From 2006 to 2009, Justice Ruth Bader Ginsburg, 81, was the sole woman on the U.S. Supreme Court. Nominated in 1993 by President Bill Clinton, she now presides alongside Justices Sonia Sotomayor and Elena Kagan. Earlier this month, in speaking to a law school, Justice Ginsburg noted the court’s increasing embrace of gay rights.
This is not to say that gay and lesbians have secured equal protections in the eyes of the law. But comparatively, Justice Ginsburg said that the court still wrestles with “the ability of women to decide for themselves what their destiny will be.”
Though history is never made as linearly as we learn it in the classroom, it sometimes seems like social justice movements happen one at a time instead of concurrently. Despite this, each group’s push toward equality carries the same fundamental objective: To expand the idea of what it means to be “American.”
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My husband Doug and I were toggling between preseason football and yet another extra-innings Phillies game the other night when we lighted upon a cat food commercial. We don’t have a cat (though we did recently acquire a grand-kitten), so there was no reason to pause. Yet we did. Because the narrator of the commercial was proudly declaring that the cat food in question was gluten-free.
“Is this a commercial for gluten-free cat food?” Doug asked incredulously, just as I said, “Was that a gluten-free cat food commercial?” Because no matter how you feel about the current human gluten-free craze, it seems off the wall to extend it to our feline friends. The ones I’ve had in my lifetime haven’t been big bread eaters, generally. Nor were they particularly fond of pasta. But I never noticed any ill effects from the occasional noodle or cookie crumb. And I’ve had a lot of cats. Read more »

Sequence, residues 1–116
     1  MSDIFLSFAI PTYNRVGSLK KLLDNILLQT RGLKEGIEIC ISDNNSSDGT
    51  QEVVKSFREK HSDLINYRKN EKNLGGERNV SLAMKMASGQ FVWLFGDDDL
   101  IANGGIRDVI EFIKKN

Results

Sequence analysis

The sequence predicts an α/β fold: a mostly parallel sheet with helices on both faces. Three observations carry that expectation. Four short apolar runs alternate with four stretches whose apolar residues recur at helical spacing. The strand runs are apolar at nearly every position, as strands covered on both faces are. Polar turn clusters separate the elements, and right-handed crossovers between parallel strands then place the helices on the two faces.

This article was published before the Taney Dragons advanced to the Little League World Series on Sunday.
“I don’t throw like a girl,” my 7-year-old daughter uttered in late June, her tone full of sass. The haymaker of insults, whether on the grass and dirt of a baseball diamond or the hard asphalt of a schoolyard, has always been to tell someone they “throw like a girl.”
“I want to throw like Mo’Ne” is what my daughter and a dozen or so other little girls were overheard saying a month later while waiting in the victory line for a chance to high-five ace pitcher Mo’Ne Davis of the Taney Dragons after they defeated Collier Township of Allegheny County in the championship game of the Pennsylvania State Tournament of Little League Baseball.
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[UPDATE: Daniel Pipes has responded to Joel Mathis in the comments.]
Let’s say, for the sake of argument, that it was a dude dressed like a nun who tried to rob a Philadelphia Wells Fargo Bank this week. What would be the reaction?
Would we become scared of Catholics? Would we consider curtailing their rights and religious practice? Would we call for a full ban on veils and habits?
Or would that all just be a silly, massive overreaction?
Remember your answer. And keep that in mind next time you hear from Daniel Pipes — which will probably be soon.
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If you live in Philadelphia or park in it on occasion, you necessarily hate the Philadelphia Parking Authority and its trolling band of uniformed parking enforcers, who make your life miserable with their little handheld parking ticket generators and their unique inability to offer an ounce of human compassion or empathy. But the thing is, they’re almost always right.
Earlier this week, crusty Daily News columnist Stu Bykofsky offered the world a story about a man who supposedly got a parking ticket before he even had a chance to get out of the car and feed the meter. It was one of those generic “The PPA Sucks!” PPA-indictment stories that pop up on a fairly regular basis and that are always good for lots of righteous indignation. As of Thursday morning, Bykofsky’s story had generated over 150 comments.